Driven: 2014 Nissan Juke Nismo RS

Written by Shaun Keenan | Photos by Shaun Keenan on .

Driven: Driven Nissan Juke Nismo RS

It didn’t have the amazing 2015 GT-R Nismo exclusive matte grey paint the Juke Nismo RS had at the New York auto show. And I would have preferred the test car – the 2014 Nissan Juke Nismo RS – come in Sapphire Black or Brilliant Silver. But this Pearl White is sportier than the non-RS model I drove last summer, and that’s a plus in the Nismo column.

With the exception of new RS badges, the 2014 Nismo looks identical to the 2013 model year. The Nismo front and rear fascias, roof spoiler, side skirts, chrome exhaust finisher, red mirror covers, tri-coat paint, pin-striping and 18-inch alloy wheels all carry over. Body-colour fender lip mouldings, high-gloss B-pillar finish, smoked headlights and LED DRLs round out the list of noteworthy exterior features.

Driven: Nissan Juke Nismo RS Driven: Nissan Juke Nismo RS

The Nismo RS combines a sporty design with enhanced performance. Its 1.6-litre direct injection turbo four-cylinder makes 215 hp and 210 lb-ft of torque – that’s 18 hp and 26 lb-ft more than non-RS models, and 27 hp and 33 more lb-ft than the standard Juke. The 2014 RS comes with a six-speed manual transmission and limited slip differential as standard.

Inside, the leather-trimmed, cloth Recaro front sport seats are the most obvious improvements. They’re more supportive and less bulky, giving the RS interior a more “sporty” purpose. Confirmation of this can be seen in the reorganization of the climate and driving mode controls on the lower dash where Normal, Sport and Eco buttons allow access to independent engine torque, steering, and climate control settings. Digital torque and boost gauges are included!

Driven: Nissan Juke Nismo RS Driven: Nissan Juke Nismo RS

The instrument cluster has been improved too, albeit slightly vis as vis a RS-emblazoned speedometer that accompanies the red Nismo 8,000-rpm tachometer. The fake carbon fibre trim looks cheap, but the Alcantara and leather-wrapped steering wheel means business with its red racing stripe pointing dead ahead.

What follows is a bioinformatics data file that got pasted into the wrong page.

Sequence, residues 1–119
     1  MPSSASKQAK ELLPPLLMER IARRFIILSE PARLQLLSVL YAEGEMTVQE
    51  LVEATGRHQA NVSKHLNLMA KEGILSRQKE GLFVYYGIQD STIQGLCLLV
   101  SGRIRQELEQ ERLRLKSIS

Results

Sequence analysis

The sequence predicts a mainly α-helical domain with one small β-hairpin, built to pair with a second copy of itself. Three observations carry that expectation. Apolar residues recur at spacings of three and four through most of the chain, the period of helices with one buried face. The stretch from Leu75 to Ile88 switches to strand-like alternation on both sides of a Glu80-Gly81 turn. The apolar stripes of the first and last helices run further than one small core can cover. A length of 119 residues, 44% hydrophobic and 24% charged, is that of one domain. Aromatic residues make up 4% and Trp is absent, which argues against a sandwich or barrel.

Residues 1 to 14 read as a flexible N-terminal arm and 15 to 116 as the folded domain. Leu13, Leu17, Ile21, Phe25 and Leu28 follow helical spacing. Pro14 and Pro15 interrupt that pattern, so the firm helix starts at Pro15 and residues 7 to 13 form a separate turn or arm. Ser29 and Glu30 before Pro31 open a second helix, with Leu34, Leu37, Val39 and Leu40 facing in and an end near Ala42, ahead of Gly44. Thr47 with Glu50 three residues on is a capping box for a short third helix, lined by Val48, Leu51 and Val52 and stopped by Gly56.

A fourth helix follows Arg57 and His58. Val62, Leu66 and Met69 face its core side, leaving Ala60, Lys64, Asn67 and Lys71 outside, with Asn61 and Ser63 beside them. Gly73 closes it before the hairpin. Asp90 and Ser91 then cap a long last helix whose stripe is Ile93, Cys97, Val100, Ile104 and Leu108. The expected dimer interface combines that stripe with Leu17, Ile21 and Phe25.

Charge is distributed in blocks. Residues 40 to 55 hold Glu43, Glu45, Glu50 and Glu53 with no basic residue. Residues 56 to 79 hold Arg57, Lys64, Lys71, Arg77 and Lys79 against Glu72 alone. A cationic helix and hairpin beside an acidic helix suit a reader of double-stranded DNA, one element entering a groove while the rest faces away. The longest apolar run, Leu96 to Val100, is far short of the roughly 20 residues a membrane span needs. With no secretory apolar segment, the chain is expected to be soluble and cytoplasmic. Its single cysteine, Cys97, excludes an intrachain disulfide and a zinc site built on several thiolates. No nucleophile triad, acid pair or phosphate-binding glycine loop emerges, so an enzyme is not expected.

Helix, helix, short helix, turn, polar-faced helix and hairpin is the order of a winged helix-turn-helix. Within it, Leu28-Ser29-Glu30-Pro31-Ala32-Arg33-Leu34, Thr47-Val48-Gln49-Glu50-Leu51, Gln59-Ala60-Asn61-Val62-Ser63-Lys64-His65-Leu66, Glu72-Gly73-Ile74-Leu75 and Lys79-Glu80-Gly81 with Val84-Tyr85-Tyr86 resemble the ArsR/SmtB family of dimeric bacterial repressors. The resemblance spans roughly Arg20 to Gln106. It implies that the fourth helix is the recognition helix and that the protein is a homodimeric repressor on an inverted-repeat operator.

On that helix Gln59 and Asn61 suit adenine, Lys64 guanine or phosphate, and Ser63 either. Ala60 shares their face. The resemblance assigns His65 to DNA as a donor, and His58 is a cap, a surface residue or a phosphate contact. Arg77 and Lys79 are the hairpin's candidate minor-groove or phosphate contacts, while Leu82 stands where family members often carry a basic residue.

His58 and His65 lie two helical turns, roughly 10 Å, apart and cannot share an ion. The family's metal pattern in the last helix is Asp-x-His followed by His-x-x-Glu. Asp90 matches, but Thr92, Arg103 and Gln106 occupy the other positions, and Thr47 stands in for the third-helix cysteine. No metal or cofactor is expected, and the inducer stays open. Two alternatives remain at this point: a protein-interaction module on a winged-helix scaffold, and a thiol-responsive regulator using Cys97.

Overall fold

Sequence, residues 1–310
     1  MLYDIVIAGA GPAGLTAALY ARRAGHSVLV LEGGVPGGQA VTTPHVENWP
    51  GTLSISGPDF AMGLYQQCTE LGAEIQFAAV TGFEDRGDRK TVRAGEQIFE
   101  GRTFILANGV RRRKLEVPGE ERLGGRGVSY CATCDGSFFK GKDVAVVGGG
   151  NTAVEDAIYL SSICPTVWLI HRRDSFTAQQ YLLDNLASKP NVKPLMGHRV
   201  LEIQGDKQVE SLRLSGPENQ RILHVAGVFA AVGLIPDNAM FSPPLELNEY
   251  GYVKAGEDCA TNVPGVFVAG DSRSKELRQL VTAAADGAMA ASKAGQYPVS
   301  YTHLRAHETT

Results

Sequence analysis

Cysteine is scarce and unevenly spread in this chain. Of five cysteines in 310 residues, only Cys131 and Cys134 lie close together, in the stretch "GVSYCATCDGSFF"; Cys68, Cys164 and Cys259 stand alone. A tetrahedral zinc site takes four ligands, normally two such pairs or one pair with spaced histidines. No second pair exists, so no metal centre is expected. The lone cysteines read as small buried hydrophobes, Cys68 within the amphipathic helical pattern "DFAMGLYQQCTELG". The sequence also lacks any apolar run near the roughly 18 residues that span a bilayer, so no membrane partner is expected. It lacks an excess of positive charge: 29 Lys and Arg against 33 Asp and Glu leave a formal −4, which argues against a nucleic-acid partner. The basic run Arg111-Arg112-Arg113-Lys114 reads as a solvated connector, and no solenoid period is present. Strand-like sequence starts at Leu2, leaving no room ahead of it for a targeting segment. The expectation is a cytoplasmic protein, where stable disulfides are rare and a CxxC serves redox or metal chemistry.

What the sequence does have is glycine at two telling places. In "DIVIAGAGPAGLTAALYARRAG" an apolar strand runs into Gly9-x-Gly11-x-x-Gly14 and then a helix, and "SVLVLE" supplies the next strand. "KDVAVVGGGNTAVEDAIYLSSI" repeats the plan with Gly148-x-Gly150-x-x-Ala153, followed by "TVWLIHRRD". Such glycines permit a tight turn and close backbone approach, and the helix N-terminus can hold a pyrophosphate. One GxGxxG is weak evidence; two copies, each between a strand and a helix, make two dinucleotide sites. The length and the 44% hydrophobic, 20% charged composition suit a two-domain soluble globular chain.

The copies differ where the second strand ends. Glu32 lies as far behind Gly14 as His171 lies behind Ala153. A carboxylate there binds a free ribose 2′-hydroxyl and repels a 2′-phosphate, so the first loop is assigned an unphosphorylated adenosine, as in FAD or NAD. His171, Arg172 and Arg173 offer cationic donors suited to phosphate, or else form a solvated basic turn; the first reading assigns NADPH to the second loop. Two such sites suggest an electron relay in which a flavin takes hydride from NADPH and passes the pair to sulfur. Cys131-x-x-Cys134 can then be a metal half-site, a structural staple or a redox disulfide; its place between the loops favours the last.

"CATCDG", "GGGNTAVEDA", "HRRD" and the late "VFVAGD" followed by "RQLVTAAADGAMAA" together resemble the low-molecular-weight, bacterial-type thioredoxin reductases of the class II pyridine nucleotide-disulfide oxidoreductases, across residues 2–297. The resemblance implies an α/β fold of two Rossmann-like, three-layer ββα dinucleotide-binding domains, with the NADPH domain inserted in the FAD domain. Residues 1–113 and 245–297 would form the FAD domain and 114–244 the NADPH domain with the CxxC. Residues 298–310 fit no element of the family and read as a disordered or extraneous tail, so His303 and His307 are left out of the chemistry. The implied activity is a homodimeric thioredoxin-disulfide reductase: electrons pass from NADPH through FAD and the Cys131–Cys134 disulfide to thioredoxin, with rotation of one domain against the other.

The RS is not available with all-wheel drive or the Xtronic CVT, but while only the former will be missed (the non-RS model does offer both), there is no crazy cool racing-inspired double clutch auto-box here to impart any kind of performance driving feel. You can tell the electronic nannies to take a break, but that’s about it.

Driven: Nissan Juke Nismo RSCompared to the standard Juke, the Nismo’s stiffer springs and dampening rates make it more nimble and responsive. The vehicle-speed-sensitive electric power steering is quick and precise with better feedback in sport mode; and the transmission gets good marks for NVH. That said, upshifting in a corner and letting the clutch out too fast can cause the vehicle to lurch (or pull) to the right. Drive shafts of differing lengths are the likely culprits. From a handling perspective, the 2014 model is better than my previous test car.

It isn’t burdened by the heavy all-wheel drivetrain and CVT, both of which have their advantages, and account for 122 kg of weight savings (1,308 kg versus 1,430 kg). Combined with the more powerful engine, the Nismo RS doesn’t just feel quicker, it is quicker.

The Juke Nismo RS may well be faster than non-RS and Nismo CVT models, but it’s not really a vehicle I would consider taking to a track or driving on an autocross course. It gets the job done for day to day duty.

Standard features on Juke Nismo models include intelligent key with push-button start, navigation system with five-inch touchscreen display/rearview camera monitor, integrated control (I-Con) system, Bluetooth handsfree phone, AM/FM/CD player with MP3/WMA playback, iPod and auxiliary connection and Sirius XM readiness.

Driven: Nissan Juke Nismo RS Driven: Nissan Juke Nismo RS

Sounds play through a Rockford Fosgate ecoPUNCH audio system with six upgraded speakers and powered eight-inch sub integrated into the cargo area. Volume-wise, the little Juke does alright for cargo space. Rear volume with the 60/40 seats folded up is 297 litres. Total volume jumps to 1,017 litres with the seats down. There’s more than enough room for groceries and small items back here, and to keep some of them from flying around in space during spirited driving, there’s a handy, hidden cargo organizer tray beneath the rear floor.

Nismo is applying almost 50 years of engineering expertise and racing experience to an expanding range of Nissan production vehicles, including the Sentra, GT-R and, of course, the Juke. Even the newest Nissan – the pint-sized Micra – will be offered in a Nismo trim at some point. We’ll let you know when we get out mitts on one or the others, but for now the Juke Nismo RS is nothing to joke about.

2014 Nissan Juke Nismo RS


Pluses:

+ Eye-catching design with great body kit
+ Great front seats

+ Manual transmission

+ It’s a hatchback!



Minuses:

- Too much hard plastic for cheapish interior
- AWD not offered with manual transmission

- Small head unit display prone to glare

- Push button starter



Base Price: $28,298

Price as Tested (before taxes): $30,473

Engine: 1.6L DIG 4-cyl. turbo

Horsepower / Torque: 215 hp @ 6,000 rpm / 210 lb-ft @ 3,600-4,800 rpm

Configuration: FF
Transmission: 6-speed manual
Fuel Economy Ratings: 8.2 / 6.4 L/100 km (city / hwy.)

Basic Warranty: 48 months / 60,000 km


Options on Test Vehicle: N/A.
Additional charges: Destination and delivery ($1,695).

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